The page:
This is a book that helped shift the Japanese discussion on brain death from "brain-centered analysis" to "human relationship oriented analysis." Brain death is redefined in terms of the human relationships between a comatose patient and the people surrounding him/her. Special attention is paid to the emotions and inner reality of the family members of brain dead people, because sometimes the family members at the bedside, touching the warm body of the patient, express a sense that the brain dead person still continues to exist as a living human being. This approach, published more than 20 years ago, has deeply influenced Japanese bioethics, and would presumably have the capacity to influence the discourse on bioethics in other countries as well were it to be made available in other languages. (Commentary on "Brain Dead Person" Chapter 1 by Robert D. Truog, MD)
Is it Morally Acceptable to Remove Organs from Brain-Dead Children? (2007)
Children have the right not to be exploited by the desires of adults. When a child has said nothing about what should be done in the event of their own brain death, we must affirm that he or she has a right to live and die peacefully, fully protected against the interests of others. Published in The Lancet.
A Proposal for Revision of the Organ Transplantation Law Based on A Child Donor’s Prior Declaration (2001)
This is a translation of the Morioka and Sugimoto proposal on brain death and transplantation. It proposes that the prior declaration of a brain dead child should be respected, and that when a child does not have a donor card organ removal should be prohibited. This is an important document for those looking to understand the unprecedented bioethics debate. See also Special Report on brain death.
Current Debate on the Ethical Issues of Brain Death (2004)
An overview of debate on child brain death in Japan.
Two Aspects of Brain Dead Being (2000) This paper summarizes the essence of Morioka's "brain death as a form of human relationships" theory. We should never overlook the discrepancy between scientific reality and our emotional/spiritual reality. Written in English but has not been edited or corrected.
Gender and Sexuality
Confessions of a Frigid Man: A Philosophical Essay on Male Sexuality (Book, 2005)
A philosophical analysis of male sexuality, especially men's sexual frigidity, their rejection of their own bodies, and their attraction to girls in their early teens and school uniforms. This book has provoked a variety of emotional reactions from readers, scholars, and the mass media. One of the most important books in Japanese men's studies.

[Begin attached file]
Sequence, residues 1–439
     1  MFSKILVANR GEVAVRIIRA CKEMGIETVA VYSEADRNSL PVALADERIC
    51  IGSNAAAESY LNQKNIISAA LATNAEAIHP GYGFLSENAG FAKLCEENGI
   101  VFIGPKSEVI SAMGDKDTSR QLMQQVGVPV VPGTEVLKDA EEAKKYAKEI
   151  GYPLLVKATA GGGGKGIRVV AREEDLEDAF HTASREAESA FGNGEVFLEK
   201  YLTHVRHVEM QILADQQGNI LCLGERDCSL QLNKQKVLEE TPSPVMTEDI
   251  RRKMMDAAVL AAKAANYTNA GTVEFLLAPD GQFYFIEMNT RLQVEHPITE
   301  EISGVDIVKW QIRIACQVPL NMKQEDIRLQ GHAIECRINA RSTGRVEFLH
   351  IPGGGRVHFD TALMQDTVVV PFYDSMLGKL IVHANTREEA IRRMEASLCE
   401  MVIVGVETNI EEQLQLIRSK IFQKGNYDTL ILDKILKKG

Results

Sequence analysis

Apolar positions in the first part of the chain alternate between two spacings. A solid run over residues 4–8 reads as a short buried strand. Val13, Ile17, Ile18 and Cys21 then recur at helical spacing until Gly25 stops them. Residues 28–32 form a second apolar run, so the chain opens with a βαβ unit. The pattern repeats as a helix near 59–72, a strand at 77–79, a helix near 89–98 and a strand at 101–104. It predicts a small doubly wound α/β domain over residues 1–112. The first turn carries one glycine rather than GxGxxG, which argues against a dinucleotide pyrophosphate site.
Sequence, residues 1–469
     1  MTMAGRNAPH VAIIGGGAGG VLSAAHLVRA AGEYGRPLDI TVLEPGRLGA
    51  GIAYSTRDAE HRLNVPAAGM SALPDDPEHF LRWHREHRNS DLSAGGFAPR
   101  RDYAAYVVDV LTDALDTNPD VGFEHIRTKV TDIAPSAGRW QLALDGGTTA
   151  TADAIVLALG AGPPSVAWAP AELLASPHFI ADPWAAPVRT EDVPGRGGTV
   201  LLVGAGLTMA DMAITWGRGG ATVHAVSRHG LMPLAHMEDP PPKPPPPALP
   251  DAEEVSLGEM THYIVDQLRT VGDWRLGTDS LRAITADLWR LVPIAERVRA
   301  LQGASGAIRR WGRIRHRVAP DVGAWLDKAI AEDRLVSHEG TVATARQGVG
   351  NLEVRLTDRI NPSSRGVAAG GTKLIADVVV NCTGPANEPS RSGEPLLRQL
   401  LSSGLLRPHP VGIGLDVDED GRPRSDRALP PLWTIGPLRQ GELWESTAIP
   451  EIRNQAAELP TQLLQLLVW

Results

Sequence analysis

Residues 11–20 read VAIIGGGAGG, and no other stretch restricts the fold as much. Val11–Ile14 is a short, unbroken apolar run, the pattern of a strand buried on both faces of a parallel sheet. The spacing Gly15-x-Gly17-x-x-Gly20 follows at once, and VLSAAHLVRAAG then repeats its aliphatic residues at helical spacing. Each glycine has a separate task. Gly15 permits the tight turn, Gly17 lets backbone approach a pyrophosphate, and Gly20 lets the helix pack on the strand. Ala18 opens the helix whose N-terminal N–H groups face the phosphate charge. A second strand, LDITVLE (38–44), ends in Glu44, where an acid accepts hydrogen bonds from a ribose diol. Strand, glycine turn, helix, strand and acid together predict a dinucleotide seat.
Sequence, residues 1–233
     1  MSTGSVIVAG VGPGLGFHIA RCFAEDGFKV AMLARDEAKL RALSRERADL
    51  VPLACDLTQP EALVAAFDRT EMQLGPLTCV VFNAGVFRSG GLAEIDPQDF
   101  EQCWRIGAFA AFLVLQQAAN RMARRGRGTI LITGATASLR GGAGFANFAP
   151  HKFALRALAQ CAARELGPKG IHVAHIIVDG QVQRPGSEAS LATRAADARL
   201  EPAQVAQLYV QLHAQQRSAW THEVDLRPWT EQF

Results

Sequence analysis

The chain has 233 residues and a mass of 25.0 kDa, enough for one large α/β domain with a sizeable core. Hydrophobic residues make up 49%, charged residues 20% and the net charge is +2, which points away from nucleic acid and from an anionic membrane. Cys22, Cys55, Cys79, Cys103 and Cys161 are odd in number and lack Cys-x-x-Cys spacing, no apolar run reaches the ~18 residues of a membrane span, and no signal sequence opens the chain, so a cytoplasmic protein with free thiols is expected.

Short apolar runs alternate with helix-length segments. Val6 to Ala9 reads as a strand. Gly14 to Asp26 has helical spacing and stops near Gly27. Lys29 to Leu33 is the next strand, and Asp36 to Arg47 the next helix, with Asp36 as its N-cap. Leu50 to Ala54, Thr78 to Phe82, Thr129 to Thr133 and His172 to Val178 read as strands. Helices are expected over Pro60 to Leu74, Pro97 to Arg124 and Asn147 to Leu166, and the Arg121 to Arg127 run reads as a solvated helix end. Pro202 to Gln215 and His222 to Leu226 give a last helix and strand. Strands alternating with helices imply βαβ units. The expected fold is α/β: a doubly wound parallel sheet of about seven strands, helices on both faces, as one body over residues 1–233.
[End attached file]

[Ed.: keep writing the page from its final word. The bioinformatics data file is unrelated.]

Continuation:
A Phenomenological Study of “Herbivore Men” (2013)
"Herbivore men" is a term that became a buzzword in Japan in 2008-2009. It refers to gentle young men who are not very assertive in love and sex. This paper illustrates the outline of this phenomenon from the viepoint of gender studies.
What do We Learn from Japanese Feminist Bioethics? (1998)
Japanese grassroots bioethics was launched as feminist bioethics in the early 1970s, and until the 1990s the development of this field was quite different from that of bioethics in the English speaking world. This essay is a brief outline of Chapter 3 of Life Studies Approaches to Bioethics.
Feminism, Disability, and Brain Death: Alternative Voices from Japanese Bioethics (2015)
In this paper, the ideas of “the swaying of the confused self” in the field of feminism, “inner eugenic thought” concerning disability, and “human relationship-oriented approaches to brain death” that appeared in Japanese bioethics are discussed.
Why is It Hard for Us to Accept Moral Bioenhancement?: Comment on Savulescu’s Argument (2013)
This paper criticizes Julian Savulescu and his colleagues’ argument on moral bioenhancement. Our personality ought to be constructed upon our inner foundation, which should not be tampered with by outside intervention or control, and I dare say this belief is a healthy one that should not be overturned.
Narrative Responsibility and Moral Dilemma: A Case Study of a Family's Decision About a Brain-dead Daughter (2011)
An analysis of the responsibility that drives us to tell, retell, and coauthor the (often unfinished) narratives of loved ones. First author: Takanobu Kinjo.
The Ethics of Human Cloning and the Sprout of Human Life (2006)
In Japan, not only those who object to human cloning but also many of those who seek to promote research on human cloning admit that a human embryo is the sprout of human life and as such should be highly respected. Why?
Disability Movement and Inner Eugenic Thought: A Philosophical Aspect of Independent Living and Bioethics (2002)
Criticism of eugenic thought from the perspective of "self-affirmation" and "the fundamental sense of security." What did disabled people think about life and technology in the 1970s? Written in English but has not been edited or corrected.
Bioethics and Japanese Culture (1995)
This paper illustrates how modern medical technology and traditional culture and religion can clash in an industrialized, high-tech society, such as Japan. The debate on brain death and organ transplantation in Japan is examined from the point of view of comparative cultural analysis.
Toward International and Cross-cultural Bioethics (1994)
We need "an international, cross-cultural, more feminist, more environmentally oriented study of life, science and society."
List of papers and essays in Japanese (More than 100 publications)
A collection of Morioka's papers and essays written in Japanese